Court of Criminal Appeals of Tennessee, Nashville
Assigned on Briefs April 19, 2017
from the Circuit Court for Bedford County No. 2012CR17467
Forest Durard, Judge
petitioner, Emmanuel Bibb Houston, appeals the denial of his
petition for post-conviction relief from his 2013 Bedford
County Circuit Court jury convictions of especially
aggravated kidnapping, aggravated burglary, and facilitation
of especially aggravated robbery, claiming that he was denied
the effective assistance of counsel at trial. Discerning no
error, we affirm.
R. App. P. 3; Judgment of the Circuit Court Affirmed.
Wesley Hall, IV, Unionville, Tennessee, for the appellant,
Emmanuel Bibb Houston.
Herbert H. Slatery III, Attorney General and Reporter; M.
Todd Ridley, Assistant Attorney General; Robert James Carter,
District Attorney General; and Michael D. Randles, Assistant
District Attorney General, for the appellee, State of
Curwood Witt, Jr., J., delivered the opinion of the court, in
which John Everett Williams and Camille R. McMullen, JJ.,
CURWOOD WITT, JR., JUDGE
Bedford County Circuit Court jury convicted the petitioner of
especially aggravated kidnapping, aggravated burglary, and
facilitation of especially aggravated robbery for kidnapping,
beating, and robbing the victim, Gregory Marlin in May 2012.
The evidence adduced at the petitioner's trial, as
summarized by this court on direct appeal, established that
entered the victim's house with the intent to beat him,
as shown by his statements prior to arriving at the
victim's house and his carrying a baseball bat concealed
in his pants into the victim's house. [The petitioner]
struck the victim with the baseball bat three times, breaking
five ribs and causing a large laceration on the victim's
head. While no issue regarding serious bodily injury has been
presented on appeal, we note that based on [medical]
testimony and the victim's testimony, this element was
clearly met. The victim testified that while he was on the
ground after being struck, he saw [Samantha] Houston, [the
petitioner's] sister, carrying the television from his
bedroom. Then, [the victim] was hogtied by [the petitioner],
possibly with Ms. Houston's assistance. The victim and
[Ericka] Myrick both testified about how [the petitioner]
tied the victim. After [the victim] was tied, [the
petitioner] and [Deonta] Twilley carried the victim to the
bathroom, literally throwing him inside. The victim freed
himself after approximately thirty minutes and sought help at
that point. In the meantime, a bone fragment from his rib
punctured his lung, causing the lung to collapse and air to
begin filling his chest cavity-a life-threatening condition
known as pneumothorax.
State v. Emmanuel Bibb Houston, No.
M2013-01177-CCA-R3-CD, slip op. at 10 (Tenn. Crim. App.,
Nashville, June 4, 2014), perm. app. denied (Tenn.
June 15, 2015). In addition to this evidence, the proof
showed that the victim's television was later located in
a vehicle occupied by the defendant and his co-defendants and
that the defendant admitted his involvement in the crimes to
the police. See id., slip op. at 6. This court
affirmed the petitioner's convictions and the
accompanying 23-year total effective sentence.
January 21, 2015, the petitioner filed a timely petition for
post-conviction relief and delayed appeal. The
post-conviction court found that appellate counsel failed to
file a timely application for permission to appeal to our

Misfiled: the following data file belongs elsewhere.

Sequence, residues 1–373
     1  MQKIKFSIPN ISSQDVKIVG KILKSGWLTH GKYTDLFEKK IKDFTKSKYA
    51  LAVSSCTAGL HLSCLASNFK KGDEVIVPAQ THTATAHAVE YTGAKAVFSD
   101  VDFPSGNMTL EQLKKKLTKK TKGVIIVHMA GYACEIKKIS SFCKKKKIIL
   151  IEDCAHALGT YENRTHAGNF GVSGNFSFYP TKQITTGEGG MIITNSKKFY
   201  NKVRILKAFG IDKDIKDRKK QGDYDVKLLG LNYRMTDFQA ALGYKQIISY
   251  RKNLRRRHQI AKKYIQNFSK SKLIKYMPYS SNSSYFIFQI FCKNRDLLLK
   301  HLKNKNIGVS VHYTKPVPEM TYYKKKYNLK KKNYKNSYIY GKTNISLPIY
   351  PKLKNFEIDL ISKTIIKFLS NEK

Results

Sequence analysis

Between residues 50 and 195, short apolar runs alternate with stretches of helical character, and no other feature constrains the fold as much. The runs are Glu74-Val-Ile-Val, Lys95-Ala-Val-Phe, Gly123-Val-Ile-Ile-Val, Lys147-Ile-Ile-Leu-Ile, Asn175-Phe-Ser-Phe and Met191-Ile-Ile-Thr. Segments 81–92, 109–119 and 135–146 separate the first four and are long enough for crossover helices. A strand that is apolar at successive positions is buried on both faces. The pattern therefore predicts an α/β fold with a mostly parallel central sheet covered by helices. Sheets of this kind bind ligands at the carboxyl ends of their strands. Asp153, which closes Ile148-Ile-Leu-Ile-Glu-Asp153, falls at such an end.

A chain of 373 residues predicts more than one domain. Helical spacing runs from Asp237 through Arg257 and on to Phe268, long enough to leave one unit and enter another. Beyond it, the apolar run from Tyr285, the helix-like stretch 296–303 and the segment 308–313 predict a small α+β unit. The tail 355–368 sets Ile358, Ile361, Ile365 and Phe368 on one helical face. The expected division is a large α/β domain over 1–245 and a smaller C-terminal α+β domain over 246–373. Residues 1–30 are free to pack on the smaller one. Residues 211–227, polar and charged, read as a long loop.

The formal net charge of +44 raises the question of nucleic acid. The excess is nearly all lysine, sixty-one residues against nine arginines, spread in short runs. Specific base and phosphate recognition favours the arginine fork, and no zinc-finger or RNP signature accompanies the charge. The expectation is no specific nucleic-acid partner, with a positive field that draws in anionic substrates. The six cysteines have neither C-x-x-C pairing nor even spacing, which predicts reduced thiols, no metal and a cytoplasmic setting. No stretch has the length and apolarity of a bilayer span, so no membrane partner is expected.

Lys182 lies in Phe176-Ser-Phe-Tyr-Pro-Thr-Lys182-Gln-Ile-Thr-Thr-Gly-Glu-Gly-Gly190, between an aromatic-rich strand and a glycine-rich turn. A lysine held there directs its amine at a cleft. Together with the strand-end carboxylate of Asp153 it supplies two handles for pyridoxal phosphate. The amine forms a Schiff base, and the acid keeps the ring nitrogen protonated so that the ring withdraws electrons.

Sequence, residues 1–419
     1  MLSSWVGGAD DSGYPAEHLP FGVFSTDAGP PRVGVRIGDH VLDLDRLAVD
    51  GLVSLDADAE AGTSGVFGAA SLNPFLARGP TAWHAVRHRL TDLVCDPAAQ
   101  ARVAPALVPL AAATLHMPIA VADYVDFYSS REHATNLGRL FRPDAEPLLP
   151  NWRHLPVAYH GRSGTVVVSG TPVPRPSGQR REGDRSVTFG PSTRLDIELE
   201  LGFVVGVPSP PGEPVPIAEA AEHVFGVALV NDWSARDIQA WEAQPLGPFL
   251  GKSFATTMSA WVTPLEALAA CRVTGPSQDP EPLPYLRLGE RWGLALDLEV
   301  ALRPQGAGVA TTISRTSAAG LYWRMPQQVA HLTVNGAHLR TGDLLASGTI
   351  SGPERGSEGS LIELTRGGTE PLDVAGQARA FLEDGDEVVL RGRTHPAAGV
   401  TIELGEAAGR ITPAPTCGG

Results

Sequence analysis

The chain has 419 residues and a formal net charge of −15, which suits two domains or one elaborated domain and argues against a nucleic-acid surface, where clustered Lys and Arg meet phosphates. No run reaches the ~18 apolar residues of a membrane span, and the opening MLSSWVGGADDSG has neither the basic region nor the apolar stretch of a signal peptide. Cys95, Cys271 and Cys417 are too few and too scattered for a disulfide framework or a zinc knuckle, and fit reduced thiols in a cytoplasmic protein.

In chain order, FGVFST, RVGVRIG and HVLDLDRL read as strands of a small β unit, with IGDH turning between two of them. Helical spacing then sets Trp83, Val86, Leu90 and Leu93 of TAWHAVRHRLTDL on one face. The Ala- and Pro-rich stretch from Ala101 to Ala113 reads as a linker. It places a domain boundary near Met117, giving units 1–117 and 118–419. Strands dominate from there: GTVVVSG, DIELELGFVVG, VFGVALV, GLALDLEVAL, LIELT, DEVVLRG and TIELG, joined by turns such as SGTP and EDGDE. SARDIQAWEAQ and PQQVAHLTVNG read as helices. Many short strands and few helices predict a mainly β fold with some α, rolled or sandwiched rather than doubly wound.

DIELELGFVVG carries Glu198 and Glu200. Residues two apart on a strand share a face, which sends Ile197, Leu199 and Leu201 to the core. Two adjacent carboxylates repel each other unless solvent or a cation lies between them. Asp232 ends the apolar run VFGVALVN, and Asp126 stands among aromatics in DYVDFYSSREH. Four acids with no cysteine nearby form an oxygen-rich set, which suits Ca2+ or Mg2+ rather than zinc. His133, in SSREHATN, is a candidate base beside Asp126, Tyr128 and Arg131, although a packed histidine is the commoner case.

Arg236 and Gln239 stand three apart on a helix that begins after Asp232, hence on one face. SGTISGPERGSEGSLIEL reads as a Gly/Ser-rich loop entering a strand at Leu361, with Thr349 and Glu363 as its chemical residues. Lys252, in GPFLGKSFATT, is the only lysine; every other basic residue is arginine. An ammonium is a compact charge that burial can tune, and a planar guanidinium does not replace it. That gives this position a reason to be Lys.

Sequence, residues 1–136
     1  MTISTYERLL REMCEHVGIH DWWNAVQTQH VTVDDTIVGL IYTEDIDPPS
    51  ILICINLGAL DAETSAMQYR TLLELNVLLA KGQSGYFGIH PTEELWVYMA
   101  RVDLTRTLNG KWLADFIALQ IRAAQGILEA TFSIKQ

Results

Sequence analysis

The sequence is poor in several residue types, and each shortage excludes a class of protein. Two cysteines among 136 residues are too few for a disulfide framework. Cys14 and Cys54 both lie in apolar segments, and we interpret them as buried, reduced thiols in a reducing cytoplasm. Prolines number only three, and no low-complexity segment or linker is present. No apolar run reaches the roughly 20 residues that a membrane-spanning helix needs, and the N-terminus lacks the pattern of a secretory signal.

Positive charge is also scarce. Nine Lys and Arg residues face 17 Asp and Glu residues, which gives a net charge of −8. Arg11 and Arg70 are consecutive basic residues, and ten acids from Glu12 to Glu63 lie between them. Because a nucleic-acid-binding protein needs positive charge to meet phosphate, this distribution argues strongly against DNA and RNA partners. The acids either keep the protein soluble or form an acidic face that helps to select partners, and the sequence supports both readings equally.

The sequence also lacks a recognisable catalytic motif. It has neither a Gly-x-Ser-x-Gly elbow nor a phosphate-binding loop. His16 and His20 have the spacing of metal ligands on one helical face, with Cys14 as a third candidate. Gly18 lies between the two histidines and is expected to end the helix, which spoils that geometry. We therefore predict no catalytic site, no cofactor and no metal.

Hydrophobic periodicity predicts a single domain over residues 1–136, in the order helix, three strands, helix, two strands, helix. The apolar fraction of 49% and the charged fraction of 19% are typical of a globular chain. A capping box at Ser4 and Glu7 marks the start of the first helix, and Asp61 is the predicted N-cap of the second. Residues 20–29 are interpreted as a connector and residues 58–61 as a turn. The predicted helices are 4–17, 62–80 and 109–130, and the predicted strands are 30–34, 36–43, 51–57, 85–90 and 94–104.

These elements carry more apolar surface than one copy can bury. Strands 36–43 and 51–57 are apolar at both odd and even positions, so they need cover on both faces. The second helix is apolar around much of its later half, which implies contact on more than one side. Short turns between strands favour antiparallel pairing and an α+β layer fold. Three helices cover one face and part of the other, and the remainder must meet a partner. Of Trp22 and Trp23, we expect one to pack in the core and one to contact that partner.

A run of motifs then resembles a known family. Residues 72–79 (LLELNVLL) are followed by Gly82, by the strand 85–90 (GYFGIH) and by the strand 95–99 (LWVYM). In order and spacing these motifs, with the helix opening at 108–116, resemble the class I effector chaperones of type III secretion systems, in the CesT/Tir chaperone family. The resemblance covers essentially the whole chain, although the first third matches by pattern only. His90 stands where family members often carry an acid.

supreme court or a motion to withdraw as required by the
rules and granted the petitioner a delayed appeal for the
purpose of filing an application for permission to appeal to
the supreme court. The supreme court denied the
petitioner's application, and the petitioner subsequently
filed an amended petition for post-conviction relief. The
court held an evidentiary hearing on the amended petition on
October 26, 2015.
evidentiary hearing, trial counsel testified that he was
appointed to represent the petitioner in the general sessions
court and that he visited the incarcerated petitioner
approximately five times during the nine months prior to the
petitioner's trial. Counsel did not have a thorough
recollection of the petitioner's trial, but he did recall
visiting the petitioner, obtaining discovery materials, and
speaking with the attorneys who represented the
co-defendants. Counsel also recalled that he endeavored to
highlight for the jury the inconsistencies in the testimony
offered by the State's witnesses. Counsel said that he
received a list of the names of potential jurors and that he
performed research into their backgrounds. Counsel could not
recall when he had provided the discovery materials to the
petitioner but was confident that he had done so.
testified that the petitioner "wrote a lot of"
complaints to the Board of Professional Responsibility
("the Board") about counsel while the case was
pending. Counsel acknowledged that he was censured by the
Board for failing to timely file an appellate brief in the
direct appeal of this case and for failing to respond to the
petitioner's requests for information in a timely
said that he did not have the closing arguments transcribed
in this case. He said that he raised the issue of a
Brady violation both in his motion for new trial and
on direct appeal. Counsel admitted telling the petitioner
that he believed the case to be one of aggravated assault and
that the "especially aggravated kidnapping charge was
foundless." Counsel also admitted having a conversation
with the petitioner about the fact that he had been appointed
to represent the petitioner rather than retained, explaining:
We had a conversation. . . . I think it was at the conclusion
of maybe the first day of trial. It wasn't over at the
I wished he had had money, because it was a multi-day trial.
I wished we would have been able to hire an investigator
because I would have liked to have more further
investigate[d] Mr. Marlin, ...